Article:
LeBron James lets his play do the talking in response to Dillon Brooks’ jabs

LOS ANGELES – LeBron James approached Dillon Brooks before Saturday’s Game 3 at Crypto.com Arena.

It was impossible to hear what he said. They weren’t mic’d up. But here’s how the conversation appeared.

James talked. Brooks smirked. James appeared to snarl, shaking his head as he kept talking. Brooks shook his head. James slowly backed away, still facing Brooks as he continued to talk.

The subtext was clear: Brooks, the Memphis Grizzlies agitator, poked the wrong bear with his recent trash talk.

How did the first quarter go?

The Grizzlies had nine points, the fewest by any team in any quarter all season. The Lakers led by as much as 26 points. Over that period, James had eight points on 4-for-6 shooting, while Brooks was 0-for-4.

Then, just 17 seconds into the second half, Brooks swiped at James below the belt as he dribbled the ball down court. James fell to the ground, writhing in pain. Brooks was dealt a Flagrant 2 foul and ejected.

The capacity crowd at Crypto.com Arena loved it. They stood and waved goodbye to the villain who bad-mouthed the biggest star in the game, basking in the poetic justice of having the final word as the Lakers went on to win 111-101, taking a 2-1 series lead.

Just three days earlier, Brooks had called James “old” and said he’d only respect him if he scored 40 points against him following the Grizzlies’ win in Game 2. Brooks had also previously welcomed a Lakers series, pledging to “knock [James] out right away in the first round.”

The first sign of what was to come was at Friday’s Lakers practice when James was asked for his response. James was extremely clipped. It was clear he wanted to do his talking within the four lines.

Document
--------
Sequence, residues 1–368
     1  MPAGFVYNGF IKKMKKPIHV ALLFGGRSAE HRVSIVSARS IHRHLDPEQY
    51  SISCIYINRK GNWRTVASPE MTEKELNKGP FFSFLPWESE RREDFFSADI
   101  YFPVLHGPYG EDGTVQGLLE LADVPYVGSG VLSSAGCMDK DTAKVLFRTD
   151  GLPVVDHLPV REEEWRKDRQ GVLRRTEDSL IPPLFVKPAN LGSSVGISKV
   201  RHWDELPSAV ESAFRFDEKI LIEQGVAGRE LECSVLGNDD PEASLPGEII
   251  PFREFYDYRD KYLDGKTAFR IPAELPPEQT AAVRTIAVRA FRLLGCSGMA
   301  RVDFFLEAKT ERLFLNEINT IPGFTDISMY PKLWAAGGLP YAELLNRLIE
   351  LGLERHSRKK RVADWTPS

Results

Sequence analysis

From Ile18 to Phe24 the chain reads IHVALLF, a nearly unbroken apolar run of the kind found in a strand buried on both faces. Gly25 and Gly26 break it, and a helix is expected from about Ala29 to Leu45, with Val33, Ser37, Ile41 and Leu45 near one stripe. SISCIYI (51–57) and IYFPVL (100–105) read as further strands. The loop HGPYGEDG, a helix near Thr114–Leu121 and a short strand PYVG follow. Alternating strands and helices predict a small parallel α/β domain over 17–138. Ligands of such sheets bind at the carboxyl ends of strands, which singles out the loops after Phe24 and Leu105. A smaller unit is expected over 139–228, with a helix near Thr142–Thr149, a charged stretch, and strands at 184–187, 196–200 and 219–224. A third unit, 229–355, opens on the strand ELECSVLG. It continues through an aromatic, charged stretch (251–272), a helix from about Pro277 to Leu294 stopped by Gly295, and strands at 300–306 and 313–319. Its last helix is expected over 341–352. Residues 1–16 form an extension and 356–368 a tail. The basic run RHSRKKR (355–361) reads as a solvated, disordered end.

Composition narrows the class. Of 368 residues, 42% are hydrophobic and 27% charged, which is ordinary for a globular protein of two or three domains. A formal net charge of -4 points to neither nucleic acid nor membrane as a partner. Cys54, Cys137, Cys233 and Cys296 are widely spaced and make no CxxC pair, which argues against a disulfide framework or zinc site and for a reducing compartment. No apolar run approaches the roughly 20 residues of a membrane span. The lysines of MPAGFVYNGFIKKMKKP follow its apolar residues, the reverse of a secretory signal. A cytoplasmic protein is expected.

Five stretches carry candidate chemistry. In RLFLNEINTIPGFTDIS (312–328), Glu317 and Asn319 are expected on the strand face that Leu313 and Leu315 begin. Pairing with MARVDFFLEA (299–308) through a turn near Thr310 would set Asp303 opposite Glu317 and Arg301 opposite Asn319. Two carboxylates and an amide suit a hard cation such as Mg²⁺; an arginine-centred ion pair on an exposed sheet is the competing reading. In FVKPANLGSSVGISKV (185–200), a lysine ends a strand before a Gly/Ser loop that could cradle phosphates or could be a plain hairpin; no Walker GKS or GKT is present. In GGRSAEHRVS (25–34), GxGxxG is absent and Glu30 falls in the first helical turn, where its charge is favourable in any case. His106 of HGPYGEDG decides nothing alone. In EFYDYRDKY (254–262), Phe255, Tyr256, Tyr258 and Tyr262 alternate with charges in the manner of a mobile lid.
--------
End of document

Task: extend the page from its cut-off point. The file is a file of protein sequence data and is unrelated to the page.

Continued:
James didn’t go on to score 40 points. He didn’t need to. He has nothing to prove to Brooks, a guy who has made a name for himself with his talk more than his play.

Instead, James played his game, finishing with 25 points on 50% shooting, nine rebounds and five assists. The Lakers were actually led by Anthony Davis, who had 31 points and 17 rebounds.

What made this situation unusual is James isn’t a guy who often gets publicly trash-talked by other current players. That’s why what Brooks did stood out so much.

When James was asked about the disrespect, he yet again chose not to engage.

“At the end of the day, I think my résumé and what I’ve done for this league speaks for itself,” he said. “I don’t really get caught up in any comments like that.”

When asked whether Brooks deserves to be suspended for Game 4 for his below-the-belt swipe, James didn’t involve himself.

“I don’t know,” he said. “I’m not a part of that committee. If he’s in the lineup, out of the lineup, we’ve got to prepare no matter what.”

As for his conversation with Brooks pregame, when asked if they discussed the disrespect privately, he let people draw their own conclusions from that interaction.

“It wasn’t private,” he said. “Because everybody caught it. Everybody saw that.”

Lakers fans, however, made their opinion on the matter very clear.

When Brooks warmed up, they cheered every time he missed a shot. When he walked off the court following his warm-up, they booed. And during the game, they taunted him whenever they could, while wildly cheering for James.

The incredibly lopsided first quarter was enough for the Lakers to stave off the Grizzlies despite Ja Morant scoring a dizzying 24 of his 45 points in the final period to cut their deficit to as few as nine points.

For the Lakers, they had already set the tone. And they did it with so much intensity and force that there was no coming back for the Grizzlies.

As for James, he clearly handled Brooks in his own way.

Privately, he took care of business. Publicly, he let the crowd and his teammates do the talking for him.

Then he watched Brooks self-destruct under the pressure of it all.

Brooks declined to talk to the media after Game 3, finally silenced.

Melissa Rohlin is an NBA writer for FOX Sports. She previously covered the league for Sports Illustrated, the Los Angeles Times, the Bay Area News Group and the San Antonio Express-News. Follow her on Twitter @melissarohlin.

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